Napioa - Wind Origins

Napioa - Wind Origins
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The moon, and stars and the milky way etc, will require quite different lenses. If you want to take images of the stars, you need a wide, fast (very low F-stop, generally lower then F/2.8) lens. You can get passable images of the milky way with a kit 18-55mm f/3.5-5.6 however it is not great because you'll have to raise your ISO to compensate for a ...


Unlike many older manual lenses, especially primes, that have a hard stop at a lens' infinity focus setting, most autofocus lenses do not. Instead they allow for the focus mechanism to be turned past infinity. There are several reasons why this is so, but the main one is to avoid the focus motor slamming against a hard stop when focusing the lens at ...


15 second exposure with a 18mm lense with the focus cranked all the way back When you say "cranked all the way back" it sounds like you just turned the focus ring to the far limit. That's not the right way to focus at infinity because the focus adjustment for most lenses goes past infinity. You need to focus either with autofocus, or by looking through ...


This is caused by the camera performing a so-called "long exposure noise reduction", which means that after the exposure a dark frame exposure of the same duration is made and then the two images are subtracted. You can opt to shut off long exposure noise reduction and instead take only a few dark frame exposures yourself.


You're not going to get "color accurate" white balance at night. There's no way to make every object in the scene look the same color it would be if viewed under full spectrum daylight. This is because night scenes typically have a myriad of varying light sources in them. Those various sources are all different temperatures and have different amounts of the ...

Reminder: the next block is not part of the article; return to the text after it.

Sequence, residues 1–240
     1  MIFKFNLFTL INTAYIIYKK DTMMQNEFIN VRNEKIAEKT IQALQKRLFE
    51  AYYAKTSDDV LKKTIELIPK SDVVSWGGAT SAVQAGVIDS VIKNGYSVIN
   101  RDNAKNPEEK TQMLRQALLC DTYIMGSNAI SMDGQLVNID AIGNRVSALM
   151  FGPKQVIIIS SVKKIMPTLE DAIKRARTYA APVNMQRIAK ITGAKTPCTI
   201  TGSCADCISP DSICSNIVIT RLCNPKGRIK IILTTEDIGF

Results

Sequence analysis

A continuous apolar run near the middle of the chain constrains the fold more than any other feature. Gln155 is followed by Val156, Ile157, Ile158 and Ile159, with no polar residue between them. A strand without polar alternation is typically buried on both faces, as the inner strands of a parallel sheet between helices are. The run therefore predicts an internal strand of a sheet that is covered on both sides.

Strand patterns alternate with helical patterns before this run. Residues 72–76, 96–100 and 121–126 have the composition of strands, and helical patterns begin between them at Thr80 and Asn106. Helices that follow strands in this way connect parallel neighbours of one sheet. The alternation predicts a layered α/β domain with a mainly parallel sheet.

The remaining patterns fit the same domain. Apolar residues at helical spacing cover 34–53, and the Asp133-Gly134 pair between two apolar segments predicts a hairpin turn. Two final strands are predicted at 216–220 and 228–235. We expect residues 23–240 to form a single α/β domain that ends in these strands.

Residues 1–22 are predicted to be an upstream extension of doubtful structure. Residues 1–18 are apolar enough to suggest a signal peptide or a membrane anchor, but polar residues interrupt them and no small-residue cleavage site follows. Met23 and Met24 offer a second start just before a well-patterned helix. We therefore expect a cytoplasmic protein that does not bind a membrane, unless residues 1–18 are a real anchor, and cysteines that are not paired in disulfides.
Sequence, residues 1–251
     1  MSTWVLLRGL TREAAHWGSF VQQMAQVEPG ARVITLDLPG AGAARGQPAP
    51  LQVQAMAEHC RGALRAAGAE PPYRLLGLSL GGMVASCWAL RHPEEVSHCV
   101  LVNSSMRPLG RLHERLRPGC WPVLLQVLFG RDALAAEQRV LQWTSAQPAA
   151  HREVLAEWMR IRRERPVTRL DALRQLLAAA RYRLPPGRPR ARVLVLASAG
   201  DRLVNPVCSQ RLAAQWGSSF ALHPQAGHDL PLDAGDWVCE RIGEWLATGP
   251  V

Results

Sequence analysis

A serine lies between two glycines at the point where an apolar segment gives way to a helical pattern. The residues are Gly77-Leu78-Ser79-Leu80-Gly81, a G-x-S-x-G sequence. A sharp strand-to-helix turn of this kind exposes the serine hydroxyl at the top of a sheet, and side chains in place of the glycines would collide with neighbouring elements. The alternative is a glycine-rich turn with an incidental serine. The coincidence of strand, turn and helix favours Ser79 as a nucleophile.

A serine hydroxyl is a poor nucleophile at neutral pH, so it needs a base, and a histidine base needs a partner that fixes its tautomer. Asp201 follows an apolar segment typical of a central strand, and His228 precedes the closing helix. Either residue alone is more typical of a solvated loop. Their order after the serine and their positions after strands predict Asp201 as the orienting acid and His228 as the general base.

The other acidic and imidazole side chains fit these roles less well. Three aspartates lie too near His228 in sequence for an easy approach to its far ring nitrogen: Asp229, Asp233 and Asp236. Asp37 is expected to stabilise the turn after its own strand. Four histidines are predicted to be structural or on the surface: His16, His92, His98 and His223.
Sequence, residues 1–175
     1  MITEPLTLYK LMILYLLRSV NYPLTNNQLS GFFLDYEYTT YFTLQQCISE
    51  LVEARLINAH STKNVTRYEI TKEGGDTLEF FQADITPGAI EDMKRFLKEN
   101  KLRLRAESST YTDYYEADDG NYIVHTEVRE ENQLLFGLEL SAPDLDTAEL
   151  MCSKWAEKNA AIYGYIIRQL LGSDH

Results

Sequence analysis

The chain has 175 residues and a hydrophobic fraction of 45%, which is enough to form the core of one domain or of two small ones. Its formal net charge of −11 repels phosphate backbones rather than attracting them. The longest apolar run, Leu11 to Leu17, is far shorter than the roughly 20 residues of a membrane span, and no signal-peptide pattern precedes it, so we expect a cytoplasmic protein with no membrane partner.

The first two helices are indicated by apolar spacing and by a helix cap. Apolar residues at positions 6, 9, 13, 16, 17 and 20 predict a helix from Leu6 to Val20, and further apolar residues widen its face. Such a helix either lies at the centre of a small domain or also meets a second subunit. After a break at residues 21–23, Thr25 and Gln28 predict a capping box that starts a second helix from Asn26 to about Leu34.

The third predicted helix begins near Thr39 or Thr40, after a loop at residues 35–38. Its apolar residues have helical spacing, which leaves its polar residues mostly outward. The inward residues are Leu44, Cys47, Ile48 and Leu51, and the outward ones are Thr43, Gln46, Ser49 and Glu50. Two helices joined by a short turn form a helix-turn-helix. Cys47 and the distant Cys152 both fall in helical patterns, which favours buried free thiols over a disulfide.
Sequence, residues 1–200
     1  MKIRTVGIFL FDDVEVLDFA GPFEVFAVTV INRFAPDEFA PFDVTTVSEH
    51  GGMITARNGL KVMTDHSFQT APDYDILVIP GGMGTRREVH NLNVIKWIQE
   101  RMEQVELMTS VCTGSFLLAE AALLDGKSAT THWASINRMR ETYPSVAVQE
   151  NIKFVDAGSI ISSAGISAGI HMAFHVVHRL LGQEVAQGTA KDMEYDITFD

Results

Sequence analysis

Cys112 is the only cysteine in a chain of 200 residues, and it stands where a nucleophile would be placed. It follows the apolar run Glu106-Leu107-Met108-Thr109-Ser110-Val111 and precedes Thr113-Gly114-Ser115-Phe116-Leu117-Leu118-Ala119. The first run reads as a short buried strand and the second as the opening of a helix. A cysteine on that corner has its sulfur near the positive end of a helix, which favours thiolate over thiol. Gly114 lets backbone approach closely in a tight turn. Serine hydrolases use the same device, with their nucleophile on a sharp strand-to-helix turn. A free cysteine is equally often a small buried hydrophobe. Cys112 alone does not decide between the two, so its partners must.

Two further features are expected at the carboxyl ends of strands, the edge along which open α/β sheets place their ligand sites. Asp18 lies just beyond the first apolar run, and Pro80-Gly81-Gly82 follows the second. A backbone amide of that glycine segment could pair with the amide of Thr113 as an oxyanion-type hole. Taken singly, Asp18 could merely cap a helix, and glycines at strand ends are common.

Short answer: Shoot raw (if the camera can do that) and find the best WB setting with your image software. Reasons: Good night photos have their atmosphere because of their strong colors, not because of an accurate white balance. You have to test some night shots with seemingly boring-looking light and try intentionally "wrong" white balances. A really ...


There exists software that automatically detects stars and planets in your astrophotography pictures. The technique is called plate solving, and they use a scale and rotation invariant hashing algorithm. Examples are: uniMap: a free/opensource astronomy software, [...] mainly developed to do the plate-solving (automated detection and sky catalog ...


Got some good timelapse footage of the northern lights at Whitehorse and also during the day. Thanks for the tips. I ended up using the CamDo outdoor kit (timelapse and power supply) so i could run it all night (continuous) and at 1min intervals over the day. Night Lapse Settings Interval - Continuous Megapixels - 12MP Wide Spot Meter - OFF Shutter - 30 ...


Internal JPEG engine is not too good in producing smooth output in many cameras and may do very badly in certain cases, this is not specific to Nikon and may happen with many cameras (including mine which produces unberable JPEG output despite being quite pricey). Desktop RAW editor is your way to go. P.S. The RAW file is not available anymore.


The reason of those flares to appear is optical diffusion and internal refraction which is almost fine with normally observed objects but is obvious if the object is a bright spot light source - it affects all objects equally but it is only visible on high contrast transitions. The reason of them being asymmetrical is coma. The reason of them being coloured ...

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